Tuesday, April 14, 2009

Sapânta- Merry Cemetery

The worldwide fame of Sapânta is due to the unique cemetery that has become an important tourist attraction. Some days the throngs of tourists that assault the cemetery with their cameras ready make one wonder if it really is possible to rest in peace here!
The original character of the cemetery is first of all suggested by its name: Cimitirul Vesel that means The Merry Cemetery. This paradoxical name is due to the vivid colours of the crosses and the amusing or satirical epitaphs carved on them. It is said that this joyful attitude towards death is a legacy of the Dacians who believed in the immortality of the soul and that death was only a passage to a better life. They did not see death as a tragic end, but as a chance to meet with the supreme god, Zalmoxis.
The cemetery dates back to the mid-1930’s and is the creation of the local folk artist Stan Ioan Patras, sculptor, painter and poet rolled in one. Patras used all his skills to create this masterpiece. For half a century the master created hundreds of wooden crosses, carved in a distinctive style, so famous today. After his death in 1977, his work has been carried out by his apprentice, Dumitru Pop Tincu.

The material used for the crosses is oak, which, after being properly cut and dried, is carved by hand. On the upper part of each cross is a bas-relief with a scene that describes the life of the deceased. The scenes are simple and naïve in style, but have an undeniable power: they bring back to life the inhabitants of the village and present their main occupation or a relevant aspect (either a virtue or a flaw) of their life. There are women spinning wool or weaving rugs, housewives baking bread, men cutting wood, farmers ploughing the land, shepherds tending their sheep, carpenters working the wood, musicians playing their instruments, butchers chopping lambs, teachers at their desks, alcoholics drinking, and so on.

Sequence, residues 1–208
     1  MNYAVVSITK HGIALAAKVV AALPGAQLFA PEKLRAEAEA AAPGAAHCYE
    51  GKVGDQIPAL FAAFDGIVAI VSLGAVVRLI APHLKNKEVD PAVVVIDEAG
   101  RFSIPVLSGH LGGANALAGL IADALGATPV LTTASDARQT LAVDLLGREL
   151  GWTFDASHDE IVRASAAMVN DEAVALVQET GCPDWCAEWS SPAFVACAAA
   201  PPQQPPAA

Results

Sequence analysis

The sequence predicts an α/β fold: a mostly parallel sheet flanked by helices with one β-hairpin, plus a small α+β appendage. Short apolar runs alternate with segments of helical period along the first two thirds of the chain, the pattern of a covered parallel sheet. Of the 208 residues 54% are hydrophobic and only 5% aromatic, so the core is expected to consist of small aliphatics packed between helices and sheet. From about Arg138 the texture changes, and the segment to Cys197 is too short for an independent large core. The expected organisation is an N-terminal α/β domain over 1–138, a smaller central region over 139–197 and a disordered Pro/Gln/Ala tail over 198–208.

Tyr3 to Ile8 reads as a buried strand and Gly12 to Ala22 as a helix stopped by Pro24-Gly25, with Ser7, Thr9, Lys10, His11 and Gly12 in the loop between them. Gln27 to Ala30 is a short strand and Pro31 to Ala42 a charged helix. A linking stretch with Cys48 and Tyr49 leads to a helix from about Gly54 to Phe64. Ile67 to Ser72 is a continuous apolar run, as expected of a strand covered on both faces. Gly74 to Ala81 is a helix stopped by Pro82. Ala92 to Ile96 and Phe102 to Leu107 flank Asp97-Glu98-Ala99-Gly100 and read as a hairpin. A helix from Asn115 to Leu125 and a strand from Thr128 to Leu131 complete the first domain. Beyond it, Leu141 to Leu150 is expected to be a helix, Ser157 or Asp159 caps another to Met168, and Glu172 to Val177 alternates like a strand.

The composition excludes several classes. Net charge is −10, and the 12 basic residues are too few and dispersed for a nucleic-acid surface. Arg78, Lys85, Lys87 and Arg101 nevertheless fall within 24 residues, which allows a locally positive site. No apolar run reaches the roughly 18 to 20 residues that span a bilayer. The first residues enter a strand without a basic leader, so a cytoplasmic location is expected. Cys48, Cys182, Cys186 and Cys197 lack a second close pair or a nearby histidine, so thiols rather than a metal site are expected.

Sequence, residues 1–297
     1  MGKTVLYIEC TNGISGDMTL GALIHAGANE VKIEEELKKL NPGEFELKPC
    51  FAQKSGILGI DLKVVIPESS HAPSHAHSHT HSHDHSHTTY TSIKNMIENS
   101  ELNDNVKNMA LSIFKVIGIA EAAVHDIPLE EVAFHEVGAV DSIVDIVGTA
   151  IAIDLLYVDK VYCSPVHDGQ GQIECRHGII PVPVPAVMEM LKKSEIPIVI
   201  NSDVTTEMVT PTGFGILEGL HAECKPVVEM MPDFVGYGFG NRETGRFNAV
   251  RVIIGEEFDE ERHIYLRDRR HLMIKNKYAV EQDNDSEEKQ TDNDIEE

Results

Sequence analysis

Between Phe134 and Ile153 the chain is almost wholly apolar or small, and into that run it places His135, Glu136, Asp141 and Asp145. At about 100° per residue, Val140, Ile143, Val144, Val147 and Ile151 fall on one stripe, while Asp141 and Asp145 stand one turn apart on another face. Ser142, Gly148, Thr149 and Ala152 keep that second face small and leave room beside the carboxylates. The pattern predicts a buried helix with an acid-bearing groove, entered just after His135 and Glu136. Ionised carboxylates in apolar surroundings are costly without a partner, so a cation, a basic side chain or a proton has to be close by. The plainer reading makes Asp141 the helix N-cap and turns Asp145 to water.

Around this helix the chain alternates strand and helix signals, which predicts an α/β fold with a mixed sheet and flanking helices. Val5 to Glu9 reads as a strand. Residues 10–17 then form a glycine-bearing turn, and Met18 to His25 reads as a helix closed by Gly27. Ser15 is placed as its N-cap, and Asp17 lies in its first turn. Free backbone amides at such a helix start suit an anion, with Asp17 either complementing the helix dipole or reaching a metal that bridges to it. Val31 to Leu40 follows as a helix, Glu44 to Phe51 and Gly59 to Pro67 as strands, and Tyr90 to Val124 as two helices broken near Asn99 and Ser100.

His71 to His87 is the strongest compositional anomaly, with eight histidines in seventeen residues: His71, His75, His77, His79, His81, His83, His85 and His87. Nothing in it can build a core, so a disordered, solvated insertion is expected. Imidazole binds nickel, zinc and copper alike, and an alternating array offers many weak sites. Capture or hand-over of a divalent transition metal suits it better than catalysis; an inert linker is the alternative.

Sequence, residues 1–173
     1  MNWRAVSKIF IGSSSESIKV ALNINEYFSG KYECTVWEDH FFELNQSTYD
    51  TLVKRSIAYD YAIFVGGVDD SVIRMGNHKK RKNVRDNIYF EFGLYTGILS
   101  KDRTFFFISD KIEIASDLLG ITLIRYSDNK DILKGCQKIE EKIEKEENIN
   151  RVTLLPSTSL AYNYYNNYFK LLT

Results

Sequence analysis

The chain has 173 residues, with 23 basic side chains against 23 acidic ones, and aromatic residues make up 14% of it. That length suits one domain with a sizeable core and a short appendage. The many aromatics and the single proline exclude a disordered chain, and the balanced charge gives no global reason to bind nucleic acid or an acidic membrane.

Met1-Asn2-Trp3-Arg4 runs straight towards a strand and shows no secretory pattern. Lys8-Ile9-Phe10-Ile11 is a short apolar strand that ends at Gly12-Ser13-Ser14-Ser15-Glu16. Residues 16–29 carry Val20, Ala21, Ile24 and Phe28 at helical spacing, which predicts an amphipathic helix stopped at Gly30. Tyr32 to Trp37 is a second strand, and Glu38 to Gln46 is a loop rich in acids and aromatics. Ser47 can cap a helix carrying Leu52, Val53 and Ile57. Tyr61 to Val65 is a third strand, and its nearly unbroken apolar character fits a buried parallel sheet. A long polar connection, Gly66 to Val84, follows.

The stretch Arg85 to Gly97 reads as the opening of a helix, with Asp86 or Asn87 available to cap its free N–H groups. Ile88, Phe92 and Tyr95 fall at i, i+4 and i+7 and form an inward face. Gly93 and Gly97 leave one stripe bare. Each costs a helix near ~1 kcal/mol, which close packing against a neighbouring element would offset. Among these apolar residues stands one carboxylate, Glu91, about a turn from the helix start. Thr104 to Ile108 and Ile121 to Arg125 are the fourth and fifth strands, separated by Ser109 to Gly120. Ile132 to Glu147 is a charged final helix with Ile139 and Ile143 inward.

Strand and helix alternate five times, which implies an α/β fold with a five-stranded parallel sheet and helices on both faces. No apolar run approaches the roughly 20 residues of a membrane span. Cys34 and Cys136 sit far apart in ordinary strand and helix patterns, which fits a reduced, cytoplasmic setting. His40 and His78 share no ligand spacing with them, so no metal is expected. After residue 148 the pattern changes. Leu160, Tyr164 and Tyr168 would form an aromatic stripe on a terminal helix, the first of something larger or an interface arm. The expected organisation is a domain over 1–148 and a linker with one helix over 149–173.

After the carving is done, the cross is painted. The background colour is a distinctive vivid blue, called “Sapânta blue“. Then the scene and the geometrical and floral decorations of the borders are painted with vibrant colours, yellow, red, white and green.

No cross is complete without a short poem, a few simple rhymes (between 7 and 17), carved under the image. The epitaphs are written in the local dialect. Sincere, spontaneous and written in the first person, they are messages from the dead persons to the living world. The style is usually lyrical, but ironic or satirical rhymes are also frequent. Each poem contains the name of the deceased and presents briefly an essential aspect of his/her life, personality or habits; they can even talk about things that happened after the death of the person, at the burial for example, or describe how death occurred. Bad habits are humorously presented, but with a deeply moralizing intent.One famous epitaph is:
Underneath this heavy cross Lies my mother-in-law poor Had she lived three days more I would be here and she would read You that are passing by Try not to wake her up For if she comes back home She’ll bite my head off But I will act in the way That she will not return Stay here my dear Mother-in-law.

The grave marker of Stan Ioan Patras, the creator of the Merry Cemetery:

Ever since a little boy

I was called Stan Ion Patras

Please listen to me good folks

What I say are not lies

All the days that I lived

I never wished ill for anyone

But all the good that I could

To whoever asked for it

Oh this poor world of mine

So hard was my life in it.
Here I rest

And Gheorghe Pop is my name

Like a handsome mountain fir

I was in my parents’ yard

Young and kind-hearted

There were not many like me in the village

When I finished the army

I bought myself a car

And the whole country I toured

Many friends I found

Many friends that were kind

The way I liked

When I was to live my youth

In the earth I rot.
With these images and the short poems, Stan Ioan Pătraş and Dumitru Pop Tincu have managed to recreate the entire village at the cemetery and give the people a second life beyond the grave. The more than 800 painted crosses constitute a vast archive that preserves, carved in wood, the stories of the people of Săpânţa.

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